Sunday, January 16, 2011

What We Eat...And How It's Labeled

Preface: I write this little column for Roundup's local paper, the Roundup Record, each month. It is called "What We Eat....". Thought I'd post it here as well.

Natural, Certified Organic, Raised Without Antibiotics, Raised Without Added Hormones, Cage-Free, Free Range........

Have you ever stood in your grocery store aisle, wondering what all of the food packaging labels really mean? Are “natural” foods really just as good as their more expensive “certified organic” counterparts? What do the “cage-free” and “free-range” labels on industrially-produced eggs and meat really mean? Are the “raised without added hormones” and “raised without antibiotics” claims legitimate?

The questions can be as numerous as the packaging labels, and each one is important to ask. That is because some labels are regulated and do, in fact, communicate meaningful information, while others are simply tricky advertising ploys to get you, the consumer, to pick one product over another.

Not all of the answers are completely straightforward either. Take, for example, the “Raised Without Added Hormones” packaging claim. This label is essentially meaningless if it appears on a poultry or pork product, because the USDA does not permit the use of hormones in the raising of poultry or swine. If you look closely at your package of “Raised Without Added Hormones” chicken, you will likely notice an asterisk that points you to the fine print acknowledgment that “federal regulations prohibit the use of hormones in poultry.” This statement is required on all poultry or pork products that proclaim that they are raised without additional hormones.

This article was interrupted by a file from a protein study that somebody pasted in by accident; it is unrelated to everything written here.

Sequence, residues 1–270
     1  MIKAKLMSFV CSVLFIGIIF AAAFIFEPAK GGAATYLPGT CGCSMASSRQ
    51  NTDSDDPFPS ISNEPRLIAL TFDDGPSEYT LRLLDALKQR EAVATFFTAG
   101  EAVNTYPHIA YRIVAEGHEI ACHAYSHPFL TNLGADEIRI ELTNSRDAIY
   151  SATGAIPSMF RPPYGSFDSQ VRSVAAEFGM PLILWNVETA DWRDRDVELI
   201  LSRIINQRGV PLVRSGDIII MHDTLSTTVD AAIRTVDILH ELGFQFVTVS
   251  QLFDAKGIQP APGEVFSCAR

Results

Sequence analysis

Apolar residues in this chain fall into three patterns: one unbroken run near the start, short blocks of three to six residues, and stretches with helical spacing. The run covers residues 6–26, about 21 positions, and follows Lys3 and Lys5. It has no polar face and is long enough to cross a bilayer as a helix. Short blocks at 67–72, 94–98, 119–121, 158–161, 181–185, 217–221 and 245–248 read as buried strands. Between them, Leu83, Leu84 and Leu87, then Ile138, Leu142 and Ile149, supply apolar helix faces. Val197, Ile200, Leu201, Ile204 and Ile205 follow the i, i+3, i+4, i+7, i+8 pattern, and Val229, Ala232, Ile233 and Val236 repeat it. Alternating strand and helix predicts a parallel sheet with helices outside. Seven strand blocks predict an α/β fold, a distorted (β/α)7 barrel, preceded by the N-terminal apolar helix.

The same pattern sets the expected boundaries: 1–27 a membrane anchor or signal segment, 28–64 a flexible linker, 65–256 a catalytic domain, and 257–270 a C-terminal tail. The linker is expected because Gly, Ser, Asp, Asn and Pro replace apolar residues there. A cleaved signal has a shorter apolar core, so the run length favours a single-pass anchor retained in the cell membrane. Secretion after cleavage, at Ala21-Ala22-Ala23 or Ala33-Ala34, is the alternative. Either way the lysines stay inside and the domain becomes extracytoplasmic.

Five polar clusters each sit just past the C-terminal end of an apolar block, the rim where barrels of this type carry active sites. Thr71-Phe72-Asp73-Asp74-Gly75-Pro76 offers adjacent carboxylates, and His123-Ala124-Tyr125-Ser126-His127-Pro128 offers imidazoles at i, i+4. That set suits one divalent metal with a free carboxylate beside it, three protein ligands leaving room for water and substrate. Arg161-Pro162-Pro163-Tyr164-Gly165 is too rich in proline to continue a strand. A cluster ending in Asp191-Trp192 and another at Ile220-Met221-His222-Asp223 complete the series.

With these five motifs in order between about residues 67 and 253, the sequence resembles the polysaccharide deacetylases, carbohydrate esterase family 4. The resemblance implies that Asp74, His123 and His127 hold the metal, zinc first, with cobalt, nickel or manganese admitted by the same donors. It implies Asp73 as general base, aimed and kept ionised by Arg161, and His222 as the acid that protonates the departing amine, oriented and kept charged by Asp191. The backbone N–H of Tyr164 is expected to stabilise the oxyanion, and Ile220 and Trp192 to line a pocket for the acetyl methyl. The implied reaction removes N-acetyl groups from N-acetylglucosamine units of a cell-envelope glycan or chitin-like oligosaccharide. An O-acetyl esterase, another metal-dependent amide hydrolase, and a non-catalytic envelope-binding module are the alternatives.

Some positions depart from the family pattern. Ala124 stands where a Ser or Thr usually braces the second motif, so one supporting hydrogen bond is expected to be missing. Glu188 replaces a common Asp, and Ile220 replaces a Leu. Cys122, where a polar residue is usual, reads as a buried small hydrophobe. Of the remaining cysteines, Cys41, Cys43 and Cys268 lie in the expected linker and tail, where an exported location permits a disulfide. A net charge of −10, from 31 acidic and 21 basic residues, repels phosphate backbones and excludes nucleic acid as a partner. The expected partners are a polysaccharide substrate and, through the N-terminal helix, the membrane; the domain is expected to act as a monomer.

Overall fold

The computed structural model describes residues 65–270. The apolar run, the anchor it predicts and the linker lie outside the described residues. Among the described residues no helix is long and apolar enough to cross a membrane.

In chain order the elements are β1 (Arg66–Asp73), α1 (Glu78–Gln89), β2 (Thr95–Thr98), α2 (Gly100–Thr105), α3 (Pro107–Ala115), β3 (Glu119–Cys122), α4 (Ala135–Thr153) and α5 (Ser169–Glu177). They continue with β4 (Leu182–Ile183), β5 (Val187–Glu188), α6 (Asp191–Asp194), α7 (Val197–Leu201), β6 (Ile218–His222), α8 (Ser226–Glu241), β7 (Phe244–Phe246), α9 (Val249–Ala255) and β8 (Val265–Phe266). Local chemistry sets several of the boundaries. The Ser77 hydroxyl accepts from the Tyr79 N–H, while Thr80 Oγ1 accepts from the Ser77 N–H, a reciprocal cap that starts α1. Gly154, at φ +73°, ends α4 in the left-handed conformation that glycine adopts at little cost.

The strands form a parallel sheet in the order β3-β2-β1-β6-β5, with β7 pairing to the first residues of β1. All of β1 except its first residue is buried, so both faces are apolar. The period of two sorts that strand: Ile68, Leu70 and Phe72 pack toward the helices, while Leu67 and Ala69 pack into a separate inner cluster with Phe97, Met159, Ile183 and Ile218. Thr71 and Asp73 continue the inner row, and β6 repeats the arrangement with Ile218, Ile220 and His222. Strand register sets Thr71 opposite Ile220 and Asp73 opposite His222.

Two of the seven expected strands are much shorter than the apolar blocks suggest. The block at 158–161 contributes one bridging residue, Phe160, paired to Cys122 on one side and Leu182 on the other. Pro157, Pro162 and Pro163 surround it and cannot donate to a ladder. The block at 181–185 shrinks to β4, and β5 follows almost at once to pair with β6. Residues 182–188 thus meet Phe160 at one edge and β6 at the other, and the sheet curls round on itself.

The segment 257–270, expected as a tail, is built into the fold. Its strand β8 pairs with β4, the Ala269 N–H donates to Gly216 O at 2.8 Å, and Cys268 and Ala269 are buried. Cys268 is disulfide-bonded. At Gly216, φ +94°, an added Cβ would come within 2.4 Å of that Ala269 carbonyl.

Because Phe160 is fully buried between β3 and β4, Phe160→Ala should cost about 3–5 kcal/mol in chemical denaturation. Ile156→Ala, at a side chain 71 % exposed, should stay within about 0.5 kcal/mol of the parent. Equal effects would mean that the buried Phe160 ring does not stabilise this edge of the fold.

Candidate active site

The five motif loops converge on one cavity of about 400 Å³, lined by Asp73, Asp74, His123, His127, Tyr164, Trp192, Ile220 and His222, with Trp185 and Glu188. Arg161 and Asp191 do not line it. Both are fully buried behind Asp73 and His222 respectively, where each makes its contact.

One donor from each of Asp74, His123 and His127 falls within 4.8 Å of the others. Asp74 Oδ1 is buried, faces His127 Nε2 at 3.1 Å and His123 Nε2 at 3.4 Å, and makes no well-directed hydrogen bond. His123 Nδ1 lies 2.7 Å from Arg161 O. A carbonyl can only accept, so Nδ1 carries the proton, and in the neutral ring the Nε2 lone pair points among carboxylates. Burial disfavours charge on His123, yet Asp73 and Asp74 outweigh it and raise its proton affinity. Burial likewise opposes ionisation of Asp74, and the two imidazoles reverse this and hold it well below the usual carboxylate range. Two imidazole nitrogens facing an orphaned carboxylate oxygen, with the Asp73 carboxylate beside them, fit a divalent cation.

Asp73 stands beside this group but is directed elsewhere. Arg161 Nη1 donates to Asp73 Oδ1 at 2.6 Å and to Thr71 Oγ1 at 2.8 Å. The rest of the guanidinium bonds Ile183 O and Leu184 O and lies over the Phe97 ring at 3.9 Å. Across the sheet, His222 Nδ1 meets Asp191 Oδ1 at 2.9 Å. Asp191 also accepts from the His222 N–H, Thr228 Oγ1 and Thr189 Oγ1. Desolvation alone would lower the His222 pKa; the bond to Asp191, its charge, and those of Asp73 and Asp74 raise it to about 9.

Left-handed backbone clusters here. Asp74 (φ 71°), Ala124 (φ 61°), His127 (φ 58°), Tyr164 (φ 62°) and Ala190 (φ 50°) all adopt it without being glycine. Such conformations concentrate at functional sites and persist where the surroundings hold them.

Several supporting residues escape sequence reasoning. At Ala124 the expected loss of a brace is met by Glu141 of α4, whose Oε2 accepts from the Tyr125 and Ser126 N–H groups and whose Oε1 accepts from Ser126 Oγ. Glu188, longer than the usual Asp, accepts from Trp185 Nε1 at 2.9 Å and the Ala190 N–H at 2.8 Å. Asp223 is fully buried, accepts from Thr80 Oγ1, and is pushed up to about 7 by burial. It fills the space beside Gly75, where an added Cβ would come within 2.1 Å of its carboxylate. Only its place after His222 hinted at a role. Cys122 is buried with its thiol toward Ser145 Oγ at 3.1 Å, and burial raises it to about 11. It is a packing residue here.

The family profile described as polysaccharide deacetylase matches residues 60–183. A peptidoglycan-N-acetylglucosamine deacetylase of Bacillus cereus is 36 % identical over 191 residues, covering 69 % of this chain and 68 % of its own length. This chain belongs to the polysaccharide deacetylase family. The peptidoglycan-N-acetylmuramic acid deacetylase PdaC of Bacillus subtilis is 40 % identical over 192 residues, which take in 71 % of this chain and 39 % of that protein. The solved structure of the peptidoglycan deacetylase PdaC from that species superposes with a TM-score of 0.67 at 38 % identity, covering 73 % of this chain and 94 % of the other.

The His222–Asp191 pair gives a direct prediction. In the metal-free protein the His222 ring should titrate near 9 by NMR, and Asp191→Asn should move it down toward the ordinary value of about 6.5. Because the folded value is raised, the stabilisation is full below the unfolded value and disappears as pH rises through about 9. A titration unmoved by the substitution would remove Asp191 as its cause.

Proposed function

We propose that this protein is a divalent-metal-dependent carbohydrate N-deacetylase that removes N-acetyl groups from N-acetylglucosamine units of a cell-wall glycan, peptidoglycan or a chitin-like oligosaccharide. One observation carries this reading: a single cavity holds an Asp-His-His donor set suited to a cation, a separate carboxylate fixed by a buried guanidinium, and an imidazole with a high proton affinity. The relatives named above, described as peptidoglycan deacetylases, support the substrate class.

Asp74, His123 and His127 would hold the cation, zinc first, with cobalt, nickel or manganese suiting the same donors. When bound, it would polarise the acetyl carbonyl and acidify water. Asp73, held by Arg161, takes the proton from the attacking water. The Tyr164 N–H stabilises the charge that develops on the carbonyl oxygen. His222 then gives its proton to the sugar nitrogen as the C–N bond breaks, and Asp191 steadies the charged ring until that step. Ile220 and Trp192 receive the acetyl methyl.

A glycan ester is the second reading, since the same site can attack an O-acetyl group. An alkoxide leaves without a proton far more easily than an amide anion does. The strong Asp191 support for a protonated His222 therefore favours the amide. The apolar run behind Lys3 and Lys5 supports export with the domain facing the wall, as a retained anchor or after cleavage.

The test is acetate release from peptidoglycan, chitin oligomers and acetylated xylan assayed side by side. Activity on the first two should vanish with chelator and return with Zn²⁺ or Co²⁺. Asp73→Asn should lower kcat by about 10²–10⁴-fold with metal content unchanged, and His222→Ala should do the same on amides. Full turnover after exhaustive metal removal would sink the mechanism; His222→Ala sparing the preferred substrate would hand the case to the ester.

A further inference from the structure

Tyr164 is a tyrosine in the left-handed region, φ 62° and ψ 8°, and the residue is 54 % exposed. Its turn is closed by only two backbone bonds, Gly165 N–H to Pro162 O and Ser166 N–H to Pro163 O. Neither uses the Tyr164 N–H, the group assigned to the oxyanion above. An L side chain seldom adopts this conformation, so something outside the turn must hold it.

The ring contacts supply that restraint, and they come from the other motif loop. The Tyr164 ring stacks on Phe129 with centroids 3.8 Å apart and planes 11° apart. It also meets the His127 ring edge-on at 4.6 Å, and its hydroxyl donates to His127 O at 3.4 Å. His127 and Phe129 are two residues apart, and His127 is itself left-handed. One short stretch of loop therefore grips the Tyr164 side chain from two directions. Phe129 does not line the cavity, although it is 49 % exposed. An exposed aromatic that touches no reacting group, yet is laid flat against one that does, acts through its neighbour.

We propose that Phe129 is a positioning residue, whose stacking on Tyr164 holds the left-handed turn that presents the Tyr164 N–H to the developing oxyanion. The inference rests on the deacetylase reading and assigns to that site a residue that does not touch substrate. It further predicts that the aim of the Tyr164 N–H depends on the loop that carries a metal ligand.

On a package of beef or lamb, however, the “Raised Without Added Hormones” label actually means something, as there are growth-enhancing hormones approved for use in the raising of cattle and sheep. The USDA states that the producer making the “Raised Without Added Hormones” claim is required to “provide the Agency with sufficient documentation showing that no hormones have been used in raising the animals.”

Cage Free Chickens
Antibiotics are currently used in the production of poultry, swine and cattle to prevent disease, promote growth and to treat diagnosed disease. If a food claims that it has been “Raised Without Antibiotics,” the USDA requires that the producer “provide the Agency with sufficient documentation that the animals were raised without antibiotics.”

Cage-free” and “free-range” are confusing labels as well. For example, a package of “cage-free” chicken meat is probably not different from its unlabeled freezer-mate, as chickens raised for meat are not typically caged before they are transported for slaughter. The “cage-free” label on an egg carton is meaningful however, and it describes a step up from the average laying hen's life, which is spent within a tiny cage. But it does not indicate that the laying hens had access to the outdoors, or that they lived in uncrowded conditions. “Cage-free” birds are likely to live uncaged, within a large, crowded warehouse-like building with many thousands of other hens.
Badger Rock Farm Chickens - Early Spring 2010